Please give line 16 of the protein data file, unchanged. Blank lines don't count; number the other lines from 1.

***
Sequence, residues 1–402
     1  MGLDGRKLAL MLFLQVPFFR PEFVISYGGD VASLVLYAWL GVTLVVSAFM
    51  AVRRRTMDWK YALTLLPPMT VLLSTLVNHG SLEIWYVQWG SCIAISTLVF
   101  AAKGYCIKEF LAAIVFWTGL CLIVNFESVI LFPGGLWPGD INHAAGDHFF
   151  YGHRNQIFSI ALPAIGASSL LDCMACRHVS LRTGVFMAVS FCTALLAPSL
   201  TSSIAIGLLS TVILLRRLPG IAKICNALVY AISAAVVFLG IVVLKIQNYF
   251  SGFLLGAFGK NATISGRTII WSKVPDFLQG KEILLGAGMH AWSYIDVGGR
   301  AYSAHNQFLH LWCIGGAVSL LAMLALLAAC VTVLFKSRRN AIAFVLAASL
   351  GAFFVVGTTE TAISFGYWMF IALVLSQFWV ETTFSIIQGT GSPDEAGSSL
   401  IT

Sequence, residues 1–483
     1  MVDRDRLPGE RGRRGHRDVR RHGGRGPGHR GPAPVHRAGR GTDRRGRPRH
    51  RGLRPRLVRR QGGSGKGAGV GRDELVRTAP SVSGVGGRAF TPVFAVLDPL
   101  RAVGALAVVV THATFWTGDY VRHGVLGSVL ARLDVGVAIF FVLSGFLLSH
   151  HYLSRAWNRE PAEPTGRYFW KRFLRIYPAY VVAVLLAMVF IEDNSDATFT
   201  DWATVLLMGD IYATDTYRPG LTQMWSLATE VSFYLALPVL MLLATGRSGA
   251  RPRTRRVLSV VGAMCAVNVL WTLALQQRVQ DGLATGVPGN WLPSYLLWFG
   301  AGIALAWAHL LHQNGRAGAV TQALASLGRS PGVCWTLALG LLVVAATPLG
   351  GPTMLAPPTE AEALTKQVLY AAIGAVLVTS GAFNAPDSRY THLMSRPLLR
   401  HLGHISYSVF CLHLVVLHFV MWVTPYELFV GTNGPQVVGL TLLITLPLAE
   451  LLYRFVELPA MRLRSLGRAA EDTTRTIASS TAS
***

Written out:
   201  DWATVLLMGD IYATDTYRPG LTQMWSLATE VSFYLALPVL MLLATGRSGA